Excess in Travel Insurance – What you need to know
Excess, it’s one of those things in insurance that many people say they understand but do they really understand? Many companies offer low levels of cover and different Excess combinations which in some cases can make it seem as if the cover is worthless because the value insured is less than the Excess that will be applied, but what does that all mean? These questions are why we thought we would put this article together to try and help you understand exactly what Excess is and what it means for you and your policy.
Before we carry on, it is important to understand that we will explain how Excess generally works within Travel Insurance. Unfortunately, Excess is not applied in the same way 100% of the time, so please make sure you check your policy wording which will explain how your Excess will be applied.
Where does an Excess apply?
Before understanding what an Excess is, it is important to distinguish when an Excess applies. You can find the Excess amount for your policy on your policy wording. Not all covers have an excess for example Personal Accident or Travel delay are seen as benefits and as such do not have an excess. Covers such as Cancellation and Emergency medical expenses covers that are there to indemnify you in the event of a loss will have an excess. An Excess only applies when making a claim, so if you don’t make a claim then the Excess on a policy won’t be a concern for you.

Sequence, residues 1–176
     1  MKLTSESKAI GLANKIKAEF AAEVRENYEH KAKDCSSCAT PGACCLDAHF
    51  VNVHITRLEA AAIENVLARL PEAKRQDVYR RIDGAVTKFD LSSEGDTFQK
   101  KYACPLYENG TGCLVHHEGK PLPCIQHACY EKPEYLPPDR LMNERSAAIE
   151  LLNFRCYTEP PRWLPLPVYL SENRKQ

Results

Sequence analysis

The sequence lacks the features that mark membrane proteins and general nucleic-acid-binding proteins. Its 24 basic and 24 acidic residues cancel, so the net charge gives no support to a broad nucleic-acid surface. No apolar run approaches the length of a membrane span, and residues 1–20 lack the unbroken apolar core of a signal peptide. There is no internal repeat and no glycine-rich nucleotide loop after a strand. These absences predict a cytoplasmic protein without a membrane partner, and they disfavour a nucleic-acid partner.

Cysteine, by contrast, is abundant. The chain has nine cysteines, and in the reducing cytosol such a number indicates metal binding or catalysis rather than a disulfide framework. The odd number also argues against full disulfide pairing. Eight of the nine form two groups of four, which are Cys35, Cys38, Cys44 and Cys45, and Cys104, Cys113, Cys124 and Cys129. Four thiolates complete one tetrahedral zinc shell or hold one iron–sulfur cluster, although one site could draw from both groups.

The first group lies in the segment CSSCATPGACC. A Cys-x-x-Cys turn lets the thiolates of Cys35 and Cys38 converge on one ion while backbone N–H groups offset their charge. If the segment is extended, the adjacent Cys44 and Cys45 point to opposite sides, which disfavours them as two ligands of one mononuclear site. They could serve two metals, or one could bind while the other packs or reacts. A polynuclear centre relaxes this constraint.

So, if I do make a claim, what is an Excess and how does it work?
An Excess is the amount you are required to pay in the event of a claim. Essentially, you can think of this as your contribution to any claim. What people are often unaware of is the fact that they can claim for any amount up to the combined total of the policy limit plus the excess. That is because you are insured up to x amount and you are required to contribute your excess amount to the claim.
One example would be if your bag is stolen containing nothing but clothes and your policy has a Personal Belongings and Baggage limit of £1000 with an excess of £100 the maximum settlement you could get is £1000
If the bag and content’s total value was £1,000 your claim would be settled at £900 as you have to pay the excess of £100
If the bag and content’s total value was £1,200 your claim would be settled at £1000 which is the limit of the policy but your loss is greater than the policy limit and excess combined
If the bag and content's total value was £75 then there would be no settlement as the loss you have incurred is less than your excess